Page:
Pull ups are an excellent exercise to build a stronger back. It’s a great test of strength by simply being able to pull your entire body up. As you get stronger doing pull ups a good progression is getting into weighted pull ups.
What’s In This Guide?
What is a weighted pull up?
Pull ups differ from chin-ups because with chin-ups you grab the bar with your palms facing you.
A weighted pull up is simply a pull up with some sort of additional resistance to make it harder. So instead of only pulling only your body weight you’re also pulling additional weight. As you get stronger you’re going to be able to do a lot of body weight pull ups. You might be able to do 15, 25, 50 pull ups using your bodyweight. In order to make it harder you’re going to need that external weight.
What can you use to do weighted pull ups?
There are different types of weights you can use to perform weighted pull ups. Two of the most common ones are weighted vests, and weighted dip belts.
A weighted vest is a vest you put on your upper body just like you would a normal vest. The vest itself is weighted with metal iron ore or sandbags. The weight is spread throughout the vests over your shoulders and upper body. The great thing about a weighted vest is it naturally lets you perform the pull up unlike a weight belt. Because the vest fits your body naturally it’s the most natural way to do a weighted pull up.
The vests are usually adjustable where you can add and remove weight to it. A typical vest can weigh upto 20-50 lbs. The only drawback with the vest is most don’t go heavier than that so there is a limit.
A weight belt that however allows you to add bumper plates and weights as much as you can handle. Check out the articles below to learn more about these equipment.
If you want to use plates using a dip belt for your weighted pull ups would be a good option. If you’re not familiar with what a dip belt is it’s a weight belt that has a plate hanging from it with a chain. While you’re doing your pull ups the weight plate hangs between your legs. You can add as much weight as you and the belt can handle. A kettlebell can also be used to tie with your belt.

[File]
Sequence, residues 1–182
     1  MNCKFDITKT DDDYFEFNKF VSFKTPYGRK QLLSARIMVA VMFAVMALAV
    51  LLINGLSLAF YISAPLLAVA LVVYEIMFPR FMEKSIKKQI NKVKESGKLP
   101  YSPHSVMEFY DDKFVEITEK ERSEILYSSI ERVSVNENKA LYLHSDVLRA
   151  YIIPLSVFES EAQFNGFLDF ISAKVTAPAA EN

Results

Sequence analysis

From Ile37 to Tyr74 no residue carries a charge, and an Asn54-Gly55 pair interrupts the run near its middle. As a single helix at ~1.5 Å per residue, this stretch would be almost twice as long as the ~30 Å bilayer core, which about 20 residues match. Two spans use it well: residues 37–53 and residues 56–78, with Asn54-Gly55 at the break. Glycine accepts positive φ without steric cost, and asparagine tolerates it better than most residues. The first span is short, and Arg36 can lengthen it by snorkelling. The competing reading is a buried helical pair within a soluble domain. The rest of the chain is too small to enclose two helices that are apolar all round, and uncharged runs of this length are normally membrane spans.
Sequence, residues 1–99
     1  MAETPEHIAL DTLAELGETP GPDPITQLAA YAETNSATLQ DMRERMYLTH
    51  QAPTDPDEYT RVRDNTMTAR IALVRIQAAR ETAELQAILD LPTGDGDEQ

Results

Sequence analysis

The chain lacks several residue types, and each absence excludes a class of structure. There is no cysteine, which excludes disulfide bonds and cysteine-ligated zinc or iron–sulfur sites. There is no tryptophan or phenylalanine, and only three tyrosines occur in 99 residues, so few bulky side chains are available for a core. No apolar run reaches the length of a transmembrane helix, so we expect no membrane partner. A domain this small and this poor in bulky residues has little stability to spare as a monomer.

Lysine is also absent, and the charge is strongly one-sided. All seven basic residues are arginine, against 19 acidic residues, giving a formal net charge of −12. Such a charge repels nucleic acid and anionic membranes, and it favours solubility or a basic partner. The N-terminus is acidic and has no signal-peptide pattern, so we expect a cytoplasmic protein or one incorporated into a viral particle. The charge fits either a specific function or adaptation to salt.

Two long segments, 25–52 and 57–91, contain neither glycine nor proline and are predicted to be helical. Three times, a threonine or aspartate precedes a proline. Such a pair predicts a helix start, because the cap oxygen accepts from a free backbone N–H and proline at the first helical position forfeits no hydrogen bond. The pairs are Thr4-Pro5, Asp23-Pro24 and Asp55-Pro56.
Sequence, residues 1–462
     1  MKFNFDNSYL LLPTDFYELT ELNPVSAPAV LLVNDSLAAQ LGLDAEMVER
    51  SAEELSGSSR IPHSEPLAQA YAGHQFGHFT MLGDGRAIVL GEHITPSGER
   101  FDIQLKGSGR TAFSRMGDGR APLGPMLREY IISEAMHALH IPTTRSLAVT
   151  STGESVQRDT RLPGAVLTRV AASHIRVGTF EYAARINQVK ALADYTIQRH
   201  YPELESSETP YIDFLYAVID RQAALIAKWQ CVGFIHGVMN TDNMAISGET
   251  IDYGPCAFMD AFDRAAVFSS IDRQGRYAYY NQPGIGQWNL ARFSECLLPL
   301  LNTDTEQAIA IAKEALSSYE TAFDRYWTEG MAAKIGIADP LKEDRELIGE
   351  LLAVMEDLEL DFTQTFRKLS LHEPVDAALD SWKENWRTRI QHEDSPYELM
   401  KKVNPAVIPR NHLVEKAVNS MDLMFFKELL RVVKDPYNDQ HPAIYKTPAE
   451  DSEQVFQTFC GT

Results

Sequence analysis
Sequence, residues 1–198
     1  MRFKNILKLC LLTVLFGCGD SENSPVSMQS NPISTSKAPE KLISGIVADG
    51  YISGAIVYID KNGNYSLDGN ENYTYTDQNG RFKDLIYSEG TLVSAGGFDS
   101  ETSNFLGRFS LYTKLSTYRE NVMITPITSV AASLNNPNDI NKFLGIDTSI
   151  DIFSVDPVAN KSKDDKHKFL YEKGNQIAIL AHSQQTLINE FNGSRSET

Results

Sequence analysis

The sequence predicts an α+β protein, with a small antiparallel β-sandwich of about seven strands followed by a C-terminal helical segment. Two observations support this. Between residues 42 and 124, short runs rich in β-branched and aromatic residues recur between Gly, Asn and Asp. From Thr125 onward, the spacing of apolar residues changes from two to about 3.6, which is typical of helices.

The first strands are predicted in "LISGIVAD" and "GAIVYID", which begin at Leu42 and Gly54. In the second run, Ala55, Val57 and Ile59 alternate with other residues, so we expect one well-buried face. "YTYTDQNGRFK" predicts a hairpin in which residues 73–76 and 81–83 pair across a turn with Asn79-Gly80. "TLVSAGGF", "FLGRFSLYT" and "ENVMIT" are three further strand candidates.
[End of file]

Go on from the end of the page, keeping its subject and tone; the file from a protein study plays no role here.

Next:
Most gyms have dip belts and you can use it there. Using a dip belt for weighted pull ups is fine but it does have a major drawback. Because of the plate pulling on the belt you’re overextending your lower back.
Another way you can do a weighted pull up is using a dumbbell between your feet. It’s the same concept as using the dip belt. Because the weight is in between your feet it forces you to keep your body vertical which also makes the exercise more difficult because you can’t cheat.
You won’t be able to use anywhere close to the weight you’re doing with this version compared to the dip belt. It can also be a bit tough to get the dumbbell between your feet if the bar is too high above you. But the biggest advantage of using a dumbbell is you don’t have the over extension on your lower back.
All things considered, the weighted vest is the best way to perform your weighted pull ups. Mostly because it’s a more natural movement where you don’t have to over extend your back. Yes there’s a limit to how much weight you can add to the belt but you can always do different versions of pull ups to make it more difficult.
What are all the benefits of weighted pull ups?
If you’re able to do 12-15 pull ups in a row in good form you should consider incorporating weighted pull ups into your routine. Doing 20+ bodyweight pull ups might increase your muscle endurance but it won’t be as effective in building muscle or increasing strength. You’ll be able to tax your muscles more and get more of a workout by adding the extra resistance.
The main muscles a pull up works is your back muscles. Your lats (large upper back muscles going from the mid-back to under the armpit and shoulder blade). Traps (muscles from your neck to shoulders). Thoracic erector spinae (the three muscles that run along your thoracic spine). Infraspinatus (muscle on the shoulder blade helping with shoulder extension).